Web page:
Sometimes, gardening is more intricate work than one would think. There are many components to consider, and sometimes, unpleasant smells may arise from your garden after applying fertilizer to your soil.
Fertilizer begins to smell like ammonia when there is a lack of oxygen present. The smell of ammonia is especially common in organic fertilizer options such as compost. Gardeners should avoid applying fertilizer to their plants if there is an unpleasant smell present.
Continue reading this article to learn more about why fertilizer smells like ammonia. Additionally, I will discuss essential steps gardeners can take to help sterilize and process their fertilizer when an odor is present.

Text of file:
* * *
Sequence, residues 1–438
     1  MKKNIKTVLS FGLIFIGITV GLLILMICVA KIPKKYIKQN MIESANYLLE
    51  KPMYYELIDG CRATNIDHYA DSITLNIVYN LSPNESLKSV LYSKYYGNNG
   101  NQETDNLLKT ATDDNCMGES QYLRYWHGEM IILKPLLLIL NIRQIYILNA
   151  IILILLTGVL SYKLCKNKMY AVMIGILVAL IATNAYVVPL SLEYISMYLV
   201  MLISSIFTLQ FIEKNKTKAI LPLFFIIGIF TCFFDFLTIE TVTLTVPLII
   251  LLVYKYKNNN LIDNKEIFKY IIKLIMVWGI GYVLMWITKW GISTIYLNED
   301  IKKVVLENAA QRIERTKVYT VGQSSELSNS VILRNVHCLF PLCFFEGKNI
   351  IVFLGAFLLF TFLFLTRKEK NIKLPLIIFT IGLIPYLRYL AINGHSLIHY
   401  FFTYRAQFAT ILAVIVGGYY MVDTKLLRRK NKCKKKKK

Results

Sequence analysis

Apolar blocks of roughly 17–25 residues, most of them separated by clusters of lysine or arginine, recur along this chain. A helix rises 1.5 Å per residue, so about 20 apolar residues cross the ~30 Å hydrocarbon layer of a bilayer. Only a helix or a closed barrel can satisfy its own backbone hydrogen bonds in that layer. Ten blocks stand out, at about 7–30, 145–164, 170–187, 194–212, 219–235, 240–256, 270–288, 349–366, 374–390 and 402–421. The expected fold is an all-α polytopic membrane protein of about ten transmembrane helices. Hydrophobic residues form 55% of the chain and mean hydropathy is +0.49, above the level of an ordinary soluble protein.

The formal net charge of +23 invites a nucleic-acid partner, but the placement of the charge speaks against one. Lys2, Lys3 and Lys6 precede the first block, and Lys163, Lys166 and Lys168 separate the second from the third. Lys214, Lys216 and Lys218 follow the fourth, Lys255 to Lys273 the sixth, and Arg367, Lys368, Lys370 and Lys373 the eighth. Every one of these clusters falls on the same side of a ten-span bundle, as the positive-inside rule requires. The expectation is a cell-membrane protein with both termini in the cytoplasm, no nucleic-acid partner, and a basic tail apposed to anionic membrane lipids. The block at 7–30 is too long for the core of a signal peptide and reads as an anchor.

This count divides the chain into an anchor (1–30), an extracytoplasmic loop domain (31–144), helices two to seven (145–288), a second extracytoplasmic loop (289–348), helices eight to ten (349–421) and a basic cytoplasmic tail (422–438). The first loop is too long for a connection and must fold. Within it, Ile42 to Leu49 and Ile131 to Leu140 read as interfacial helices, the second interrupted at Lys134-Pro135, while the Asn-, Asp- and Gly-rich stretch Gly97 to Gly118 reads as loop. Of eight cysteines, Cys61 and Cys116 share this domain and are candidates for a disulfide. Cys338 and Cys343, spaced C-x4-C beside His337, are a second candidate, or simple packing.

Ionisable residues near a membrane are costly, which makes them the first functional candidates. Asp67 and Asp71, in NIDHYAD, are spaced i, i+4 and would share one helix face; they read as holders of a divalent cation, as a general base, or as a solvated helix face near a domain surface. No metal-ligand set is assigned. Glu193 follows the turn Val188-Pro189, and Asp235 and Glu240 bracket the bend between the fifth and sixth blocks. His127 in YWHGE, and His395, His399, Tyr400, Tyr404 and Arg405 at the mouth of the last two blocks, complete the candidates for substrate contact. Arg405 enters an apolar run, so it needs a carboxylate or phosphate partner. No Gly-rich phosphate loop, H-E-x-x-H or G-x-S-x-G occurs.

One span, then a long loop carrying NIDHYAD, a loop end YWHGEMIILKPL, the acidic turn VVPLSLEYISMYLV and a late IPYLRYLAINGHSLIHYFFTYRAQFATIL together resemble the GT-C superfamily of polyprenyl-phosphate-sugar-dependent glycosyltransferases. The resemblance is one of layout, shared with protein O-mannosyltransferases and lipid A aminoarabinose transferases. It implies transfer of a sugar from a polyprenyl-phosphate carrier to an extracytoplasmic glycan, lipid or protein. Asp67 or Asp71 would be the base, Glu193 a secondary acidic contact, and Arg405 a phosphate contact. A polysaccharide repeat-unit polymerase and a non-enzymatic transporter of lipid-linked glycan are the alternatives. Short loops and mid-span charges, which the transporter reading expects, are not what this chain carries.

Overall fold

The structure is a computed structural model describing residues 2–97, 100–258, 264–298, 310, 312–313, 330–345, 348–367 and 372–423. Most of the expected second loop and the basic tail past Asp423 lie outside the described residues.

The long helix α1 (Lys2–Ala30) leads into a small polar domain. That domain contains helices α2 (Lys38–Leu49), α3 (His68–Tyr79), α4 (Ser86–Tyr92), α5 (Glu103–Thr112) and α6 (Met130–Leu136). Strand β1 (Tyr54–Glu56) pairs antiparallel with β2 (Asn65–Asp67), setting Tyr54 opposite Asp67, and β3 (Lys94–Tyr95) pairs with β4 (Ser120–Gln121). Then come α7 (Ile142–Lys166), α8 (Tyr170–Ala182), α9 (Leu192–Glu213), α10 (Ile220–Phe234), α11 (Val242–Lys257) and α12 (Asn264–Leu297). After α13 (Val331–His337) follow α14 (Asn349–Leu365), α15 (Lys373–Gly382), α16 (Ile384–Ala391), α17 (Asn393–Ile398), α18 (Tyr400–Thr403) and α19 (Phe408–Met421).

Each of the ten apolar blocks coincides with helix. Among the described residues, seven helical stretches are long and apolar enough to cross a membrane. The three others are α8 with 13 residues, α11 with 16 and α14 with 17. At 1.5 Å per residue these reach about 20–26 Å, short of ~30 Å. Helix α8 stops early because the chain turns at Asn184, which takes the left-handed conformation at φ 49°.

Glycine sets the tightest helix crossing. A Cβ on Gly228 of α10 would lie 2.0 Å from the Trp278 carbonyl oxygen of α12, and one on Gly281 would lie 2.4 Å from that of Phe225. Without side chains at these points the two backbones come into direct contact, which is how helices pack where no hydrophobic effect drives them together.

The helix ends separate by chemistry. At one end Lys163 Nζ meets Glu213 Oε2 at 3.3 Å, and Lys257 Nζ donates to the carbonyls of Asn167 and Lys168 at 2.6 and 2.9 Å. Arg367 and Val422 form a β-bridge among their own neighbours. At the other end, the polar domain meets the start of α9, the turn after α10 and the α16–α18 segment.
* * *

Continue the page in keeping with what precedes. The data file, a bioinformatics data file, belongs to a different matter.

What Is Ammonia, and What Does It Smell Like?
When gardening, it is normal to experience a wide variety of odors and smells. Sometimes, these odors are benign and expected, while other times, they are not. One odor that is not normal is ammonia.
Ammonia is a gas that helps release nitrogen in fertilizer, and it smells like urine, sweat, and/or body odor. Ammonia is especially notable in organic fertilizers but can also exist in synthetic blends. Fertilizers that smell like ammonia may need proper balancing or sterilizing.
Ammonia is composed of nitrogen and hydrogen and interacts with its environment in many ways. It can be challenging to know when ammonia is present, especially if you are not familiar with the smell.
However, nitrogen is primarily reliant on ammonia for proper distribution, and ammonia is present in many, if not all, fertilizers. If you notice an unpleasant smell in your fertilizer, it’s essential to take the following actions:
- Halt giving your plants fertilizer and possibly replace your fertilizer. Plants should not receive a fertilizer that lacks oxygen or balanced nutrients. This can, unfortunately, cause more damage than good to your plants.